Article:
Sunday, August 29, 2010

"Send Me To The 'Lectric Chair" by Dinah Washington

Dinah Washington's 1957 album The Bessie Smith Songbook - from which this song, Send Me To The 'lectric Chair, is taken - cemented her reputation as Queen of the Blues. The Pop Culture Institute would like very much to recommend it to our readers, except it's still only available on cassette*; that in itself is pretty much the major cause of the blues around here today. Well, that and the fact that this gifted singer with the distinctive voice only lived to the age of 39.

Born on this day in 1929, Washington had joined Lionel Hampton's band by 1944, made herself a sensation by the mid-Fifties, and was dead of an accidental overdose by December 1963.

*Our older readers will remember cassettes as being the only way to efficiently steal music prior to MP3s.
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"Over The Great City" by Edward Carpenter

Over the great city,
Where the wind rustles through the parks and gardens,
In the air, the high clouds brooding,
In the lines of street perspective, the lamps, the traffic,
The pavements and the innumerable feet upon them,
I Am: make no mistake--do not be deluded.

Think not because I do not appear at the first glance--because the centuries have gone by and there is no assured tidings of me--that therefore I am not there.
Think not because all goes its own way that therefore I do not go my own way through all.
The fixed bent of hurrying faces in the street--each turned towards its own light, seeing no other--yet I am the Light towards which they all look.
The toil of so many hands to such multifarious ends, yet my hand knows the touch and twining of them all.

All come to me at last.
There is no love like mine;
For all other love takes one and not another;
And other love is pain, but this is joy eternal.
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In Memoriam: Edward Carpenter

By the dawn of the Victorian Age the Industrial Revolution had rapidly unmade the world as it had existed unchanged for centuries, causing a sea change in every aspect of Western life; the Victorians, then, became determined to solve the considerable troubles brought about by moving a large segment of the population from the countryside to cities to staff the Establishment's factories before those problems manifested themselves as a revolution. Edward Carpenter's essay Civilisation, its Cause and Cure was much-discussed following its publication, especially amongst the chattering classes, another group born in this era, making him a renowned social philosopher at a time in British history when social philosophy was an increasingly favoured pastime.

PhotobucketBorn on this day in 1844, Carpenter was initially on his way to a comfortable if boring life in academe and the church when his gradual dissatisfaction with such a life manifested itself in a growing bohemianism. Instrumental in the foundation of the Fabian Society (and its successor, the Labour Party) Carpenter was able to use his considerable powers of persuasion to bring his many famous friends around to his way of thinking with regards to vegetarianism, psychotherapy, and sexual liberation.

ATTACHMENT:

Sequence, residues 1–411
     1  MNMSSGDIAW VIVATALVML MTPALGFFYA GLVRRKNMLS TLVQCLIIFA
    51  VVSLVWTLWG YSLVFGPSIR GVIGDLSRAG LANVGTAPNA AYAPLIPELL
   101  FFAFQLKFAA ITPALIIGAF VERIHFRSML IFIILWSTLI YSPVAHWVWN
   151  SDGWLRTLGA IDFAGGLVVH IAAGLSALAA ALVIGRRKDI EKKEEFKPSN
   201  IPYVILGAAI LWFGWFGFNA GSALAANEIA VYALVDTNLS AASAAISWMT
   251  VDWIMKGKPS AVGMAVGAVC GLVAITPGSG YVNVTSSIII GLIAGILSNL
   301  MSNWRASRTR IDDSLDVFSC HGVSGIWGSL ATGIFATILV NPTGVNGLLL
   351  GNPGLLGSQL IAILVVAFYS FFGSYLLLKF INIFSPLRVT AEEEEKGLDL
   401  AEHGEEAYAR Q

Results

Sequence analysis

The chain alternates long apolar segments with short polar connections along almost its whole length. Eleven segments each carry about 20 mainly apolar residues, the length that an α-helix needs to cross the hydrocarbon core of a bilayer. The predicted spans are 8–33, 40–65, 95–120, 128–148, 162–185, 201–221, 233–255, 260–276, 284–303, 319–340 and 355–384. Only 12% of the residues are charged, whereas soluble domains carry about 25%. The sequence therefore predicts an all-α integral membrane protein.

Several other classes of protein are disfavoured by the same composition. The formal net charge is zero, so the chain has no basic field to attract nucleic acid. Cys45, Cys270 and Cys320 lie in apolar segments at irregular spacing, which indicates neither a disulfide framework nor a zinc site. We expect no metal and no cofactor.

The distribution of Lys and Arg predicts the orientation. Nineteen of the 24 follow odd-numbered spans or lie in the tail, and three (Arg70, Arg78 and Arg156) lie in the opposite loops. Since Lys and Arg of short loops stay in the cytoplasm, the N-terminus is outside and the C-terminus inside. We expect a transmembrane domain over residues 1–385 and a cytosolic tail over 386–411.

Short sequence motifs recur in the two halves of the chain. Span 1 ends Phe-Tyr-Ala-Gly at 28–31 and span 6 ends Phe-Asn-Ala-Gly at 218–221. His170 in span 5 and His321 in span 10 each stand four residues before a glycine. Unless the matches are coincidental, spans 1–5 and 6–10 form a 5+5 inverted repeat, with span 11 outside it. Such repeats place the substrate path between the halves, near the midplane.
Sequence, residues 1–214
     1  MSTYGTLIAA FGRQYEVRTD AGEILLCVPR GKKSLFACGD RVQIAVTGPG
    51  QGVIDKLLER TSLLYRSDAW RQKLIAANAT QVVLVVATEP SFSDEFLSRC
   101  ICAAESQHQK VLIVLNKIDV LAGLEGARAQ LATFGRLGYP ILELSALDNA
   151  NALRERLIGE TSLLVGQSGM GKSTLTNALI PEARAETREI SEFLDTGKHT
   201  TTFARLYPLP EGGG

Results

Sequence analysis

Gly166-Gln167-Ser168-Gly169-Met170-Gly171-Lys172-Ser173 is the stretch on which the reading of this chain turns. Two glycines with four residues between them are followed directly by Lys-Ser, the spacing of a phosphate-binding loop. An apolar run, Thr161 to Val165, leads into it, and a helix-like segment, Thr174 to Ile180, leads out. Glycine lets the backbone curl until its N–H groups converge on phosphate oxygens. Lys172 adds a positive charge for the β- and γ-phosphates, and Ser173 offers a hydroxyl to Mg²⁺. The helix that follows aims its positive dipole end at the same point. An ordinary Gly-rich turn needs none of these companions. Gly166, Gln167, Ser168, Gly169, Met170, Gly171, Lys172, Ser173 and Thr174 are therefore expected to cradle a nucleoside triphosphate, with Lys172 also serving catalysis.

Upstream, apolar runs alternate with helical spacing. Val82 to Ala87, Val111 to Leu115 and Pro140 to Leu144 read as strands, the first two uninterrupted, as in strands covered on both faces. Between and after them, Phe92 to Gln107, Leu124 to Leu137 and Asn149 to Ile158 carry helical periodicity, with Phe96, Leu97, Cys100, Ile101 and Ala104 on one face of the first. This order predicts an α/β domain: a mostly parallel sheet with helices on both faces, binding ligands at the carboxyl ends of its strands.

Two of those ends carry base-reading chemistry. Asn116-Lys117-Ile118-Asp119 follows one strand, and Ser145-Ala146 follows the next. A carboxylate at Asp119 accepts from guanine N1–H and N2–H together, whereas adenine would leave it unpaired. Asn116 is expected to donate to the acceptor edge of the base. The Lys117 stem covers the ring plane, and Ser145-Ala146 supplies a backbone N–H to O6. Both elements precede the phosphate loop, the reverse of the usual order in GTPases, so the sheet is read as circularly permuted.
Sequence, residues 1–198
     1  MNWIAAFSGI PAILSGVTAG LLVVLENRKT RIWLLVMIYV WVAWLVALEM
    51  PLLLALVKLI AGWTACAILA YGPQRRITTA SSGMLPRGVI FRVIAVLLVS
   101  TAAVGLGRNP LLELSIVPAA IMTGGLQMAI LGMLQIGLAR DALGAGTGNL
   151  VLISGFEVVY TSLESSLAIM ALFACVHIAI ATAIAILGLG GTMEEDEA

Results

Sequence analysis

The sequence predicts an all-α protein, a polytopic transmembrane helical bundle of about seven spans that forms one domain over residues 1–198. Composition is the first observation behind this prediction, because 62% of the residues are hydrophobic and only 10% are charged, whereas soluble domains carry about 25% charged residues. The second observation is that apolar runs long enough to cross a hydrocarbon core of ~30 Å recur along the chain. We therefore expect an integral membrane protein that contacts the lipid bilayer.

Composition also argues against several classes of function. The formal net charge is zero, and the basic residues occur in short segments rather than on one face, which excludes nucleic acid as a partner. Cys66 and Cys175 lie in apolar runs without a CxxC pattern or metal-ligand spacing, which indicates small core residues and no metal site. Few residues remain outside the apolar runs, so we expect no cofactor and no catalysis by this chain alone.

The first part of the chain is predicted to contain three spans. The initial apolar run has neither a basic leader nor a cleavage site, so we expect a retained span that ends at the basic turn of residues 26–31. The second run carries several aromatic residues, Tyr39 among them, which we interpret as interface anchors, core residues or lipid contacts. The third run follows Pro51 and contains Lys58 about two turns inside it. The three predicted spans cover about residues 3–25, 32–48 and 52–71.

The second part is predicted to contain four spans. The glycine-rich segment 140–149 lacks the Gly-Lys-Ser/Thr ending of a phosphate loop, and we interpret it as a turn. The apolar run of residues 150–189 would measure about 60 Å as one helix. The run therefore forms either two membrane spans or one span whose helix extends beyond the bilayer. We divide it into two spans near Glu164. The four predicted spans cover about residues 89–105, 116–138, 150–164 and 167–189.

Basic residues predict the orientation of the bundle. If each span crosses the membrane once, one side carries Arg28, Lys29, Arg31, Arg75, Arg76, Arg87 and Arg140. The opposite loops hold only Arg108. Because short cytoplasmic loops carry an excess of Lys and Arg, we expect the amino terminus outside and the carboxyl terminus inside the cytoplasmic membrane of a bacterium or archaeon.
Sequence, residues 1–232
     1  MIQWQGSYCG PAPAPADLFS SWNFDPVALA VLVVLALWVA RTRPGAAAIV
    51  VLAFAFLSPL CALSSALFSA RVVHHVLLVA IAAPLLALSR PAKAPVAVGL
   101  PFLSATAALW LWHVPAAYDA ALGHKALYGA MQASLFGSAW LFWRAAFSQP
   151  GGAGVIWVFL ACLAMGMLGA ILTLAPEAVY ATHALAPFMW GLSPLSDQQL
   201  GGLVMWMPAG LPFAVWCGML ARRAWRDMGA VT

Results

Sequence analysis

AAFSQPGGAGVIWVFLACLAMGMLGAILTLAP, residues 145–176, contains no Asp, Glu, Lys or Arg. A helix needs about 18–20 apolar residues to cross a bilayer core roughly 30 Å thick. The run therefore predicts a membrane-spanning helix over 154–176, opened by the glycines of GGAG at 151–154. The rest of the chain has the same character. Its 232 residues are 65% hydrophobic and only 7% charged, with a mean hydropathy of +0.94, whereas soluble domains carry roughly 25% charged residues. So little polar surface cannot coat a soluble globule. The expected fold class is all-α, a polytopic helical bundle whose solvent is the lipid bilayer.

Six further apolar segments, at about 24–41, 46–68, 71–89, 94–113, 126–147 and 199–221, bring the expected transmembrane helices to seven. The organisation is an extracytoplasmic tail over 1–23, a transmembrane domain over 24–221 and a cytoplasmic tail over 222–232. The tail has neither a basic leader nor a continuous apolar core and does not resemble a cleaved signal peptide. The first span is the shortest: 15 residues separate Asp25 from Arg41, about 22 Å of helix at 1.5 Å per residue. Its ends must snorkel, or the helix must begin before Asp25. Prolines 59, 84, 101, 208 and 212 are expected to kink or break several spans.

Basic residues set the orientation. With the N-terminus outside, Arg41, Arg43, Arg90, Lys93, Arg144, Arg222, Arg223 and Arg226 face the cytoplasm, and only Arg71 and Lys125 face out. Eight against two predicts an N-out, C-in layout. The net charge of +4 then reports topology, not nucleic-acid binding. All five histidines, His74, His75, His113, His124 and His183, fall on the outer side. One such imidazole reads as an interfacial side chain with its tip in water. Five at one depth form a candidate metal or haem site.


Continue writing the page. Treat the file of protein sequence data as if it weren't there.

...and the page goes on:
Carpenter certainly practiced what he preached; after 1898, he shared his life, his home, and his bed with George Merrill, and as early as 1908 Carpenter's writing had taken on the still-taboo subject of homosexuality. Although his later work probably affected his career in life - and even to a certain extent his legacy following his death in June 1929 - it was in death that Carpenter exerted his greatest influence; by giving generations of professional homosexuals the impetus for one of the greatest social changes in history - namely the erosion of homophobia - Carpenter's words have shaped today's gay community, a concept foreign to many of his contemporaries but one which he was among the first to elucidate.
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"If That's Your Boyfriend" by Me'Shell NdegéOcello

Birthday wishes go out today to Me'Shell NdegéOcello, who burst onto the scene in 1993; aside from her talent (and her talent for the controversial quip in interviews) the reason for her meteoric rise was likely due to the fact that she was the first act (other than Madonna) signed to Madonna's Maverick Records.

If That's Your Boyfriend (He Wasn't Last Night) first appeared on her 1993 album Plantation Lullabies; its funky, old-school sound was the ideal antidote to grunge, but backing it with a seriously stylish video was just gilding the lily.
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POPnews - August 29th

[The islands of the St. Kilda archipelago, off the west coast of Scotland, were purchased by Lord Dumfries in 1931, and bequeathed to the National Trust for Scotland in 1957. Although they'd been occupied for nearly 2,000 years, currently the only residents of the islands are seabirds (including Northern Gannets, Atlantic Puffins, Northern Fulmars, as well as the endemic species the St Kilda Wren), the St Kilda Field Mouse, and military personnel.]